Over the course of two years, I’ve gone from having basically no experience in my field to making a full-time income from freelancing.
Starting From Scratch
When I first decided I wanted to start freelancing, I didn’t know where to start. I was starting from scratch. I had pretty much no work experience, no connections, and no formal schooling. I had a bit of experience from working on personal projects, but I wasn’t quite sure what working on client projects would look like. I wanted to know more about what I needed to start working as a freelance designer, so I signed up to take an online course.
I found a course from Skillcrush called the Web Designer Blueprint Class. It outlined all the skills I (thought I) needed to know to start making websites and working as a web designer. The class was really valuable and I would highly recommend it to anyone looking to get started with the basics of creating websites. But, I quickly realized I knew most of the information in the class.
There was one PDF that they sent out called “Code your way to $1k” which made a huge impact in my freelance journey. This PDF was an outline that paired the individual skills taught in class with real life job postings. That’s when it clicked for me – I didn’t need any certificate or to complete an online course to start freelancing. Once I figured this out, I diverted all my time and effort into finding projects for the small things I already knew how to do.
The takeaway? Don’t worry too much about knowing everything in your field when you’re just starting out. Go with what you already know and figure things out from there.
Putting Myself Out There!
So, back in April of 2015, I got a profile on Elance and started looking for jobs. As exciting as that was, I was pretty intimidated by the whole thing. It took me a few months to land my first project because I was hung up on so many little things. I wasn’t sure what to put in my profile, I didn’t know how to sell myself, and I was scared to really put myself out there. I felt a bit like a fraud because I felt like I really wasn’t qualified to do what I wanted to do. It took me a few weeks to finishing putting something in my profile because I felt like it had to be perfect.
I eventually came to my senses and realized I had to ‘fake it til’ I made it” – which is exactly what I did. Even though I didn’t “feel” qualified, I moved forward anyway because I knew what I wanted. All I needed to be “qualified” was to get a paying customer. After getting over that initial hurdle of filling out my profile, I started sending out job proposals.
The takeaway? Don’t let perfectionism or your own insecurities stop you when you’re a newbie! Everyone has to start somewhere. 🙂
Time to Hustle
At the start, I was sending out job proposals for 2-3 hours every day. Looking back, I see now that the effort I put in at the start was SO key to my success. I don’t think much would have happened without that hard work! I put in so much time into tweaking my proposal structure, proposal copy, and tweaking my profile.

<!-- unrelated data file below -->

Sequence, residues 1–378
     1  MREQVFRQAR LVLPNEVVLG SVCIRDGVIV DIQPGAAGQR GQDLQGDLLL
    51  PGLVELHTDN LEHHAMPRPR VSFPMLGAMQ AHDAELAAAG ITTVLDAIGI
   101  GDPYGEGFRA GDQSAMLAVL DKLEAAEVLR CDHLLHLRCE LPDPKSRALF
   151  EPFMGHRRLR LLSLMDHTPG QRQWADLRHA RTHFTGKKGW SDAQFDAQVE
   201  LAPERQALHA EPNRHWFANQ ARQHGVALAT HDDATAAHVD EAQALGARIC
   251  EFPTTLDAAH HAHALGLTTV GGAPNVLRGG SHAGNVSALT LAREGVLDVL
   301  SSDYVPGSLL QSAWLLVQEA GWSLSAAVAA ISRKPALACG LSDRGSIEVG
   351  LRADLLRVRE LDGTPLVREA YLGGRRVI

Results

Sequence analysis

Fast forward about a month or two, and I was starting to see the fruits of my labor! I had finally landed a project. It was a somewhat low paying job, but I knew finishing one job and getting a good review would help me land future gigs. I still spent a decent amount of time applying to jobs after landing that first one, but it definitely made a huge difference to how many people were interested in working with me.
The takeaway? You have to hustle when you’re just starting out. You have put the time in to sell yourself and apply to jobs. Whether you’re on freelance job boards or trying to sell your services through your own network, you have to No one is even going to know you exist otherwise!
My Hard Work Started To Pay Off!
Slowly but surely, I started to spend most of my time working on jobs instead of applying to jobs. It probably took me about 6-7 months to get to this point. Once I reached this point, I started to realize that my rate wasn’t high enough for me to make full-time income off my freelance projects. I landed quite a few projects and was pretty busy, but I wasn’t charging enough to make it worth all the time and effort I put in. I also started noticing that I didn’t always enjoy the clients I worked with at the rate I was offering, so I decided to start “scaling” my little freelancing business.
After that realization, I started raising my rate. When I started out, I was taking on web and graphic design gigs at about $20/hour. 8 months later, I was holding steady at about $50/hour. After each completed gig I would raise my rate by $5 or $10 per hour. Now, my profile rate sits at $95/hour. I occasionally take on gigs for less, but I’m so happy to be at a place where the clients I attract see me as a professional and are a breeze to work with.
The takeaway? Being able to make consistent, full-time income takes some time when you’re just starting out. But by not being afraid to experiment with your rates, you’ll be able to grow your freelancing business much quicker.
So there you have it! At the end of the day, I think most of my success so far boils down to hard work and experimentation. I spent hours upon hours applying to jobs to get those first jobs and reviews. I learned to let go of things that weren’t working for me and was always trying new things to attract clients and land jobs.
What has your freelance journey looked like? What are some of the biggest things you’ve learned so far? Leave a comment below!
If you’re interested in freelancing but aren’t sure how to start, I highly recommend getting started on the Upwork platform. If you’d like to know about my tips and tricks for getting started and finding success on Upwork, check out my course!